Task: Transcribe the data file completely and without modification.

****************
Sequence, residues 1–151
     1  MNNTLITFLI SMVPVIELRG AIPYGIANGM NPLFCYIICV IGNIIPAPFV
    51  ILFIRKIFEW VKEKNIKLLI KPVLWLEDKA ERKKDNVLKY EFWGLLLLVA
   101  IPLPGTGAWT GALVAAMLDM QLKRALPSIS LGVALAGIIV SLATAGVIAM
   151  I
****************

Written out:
Sequence, residues 1–151
     1  MNNTLITFLI SMVPVIELRG AIPYGIANGM NPLFCYIICV IGNIIPAPFV
    51  ILFIRKIFEW VKEKNIKLLI KPVLWLEDKA ERKKDNVLKY EFWGLLLLVA
   101  IPLPGTGAWT GALVAAMLDM QLKRALPSIS LGVALAGIIV SLATAGVIAM
   151  I